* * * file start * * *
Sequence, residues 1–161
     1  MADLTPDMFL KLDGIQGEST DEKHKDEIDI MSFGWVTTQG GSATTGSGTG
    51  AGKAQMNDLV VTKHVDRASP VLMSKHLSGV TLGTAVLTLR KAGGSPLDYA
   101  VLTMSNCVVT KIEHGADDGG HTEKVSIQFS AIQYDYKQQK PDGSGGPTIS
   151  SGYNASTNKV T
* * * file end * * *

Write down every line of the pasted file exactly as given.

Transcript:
Sequence, residues 1–161
     1  MADLTPDMFL KLDGIQGEST DEKHKDEIDI MSFGWVTTQG GSATTGSGTG
    51  AGKAQMNDLV VTKHVDRASP VLMSKHLSGV TLGTAVLTLR KAGGSPLDYA
   101  VLTMSNCVVT KIEHGADDGG HTEKVSIQFS AIQYDYKQQK PDGSGGPTIS
   151  SGYNASTNKV T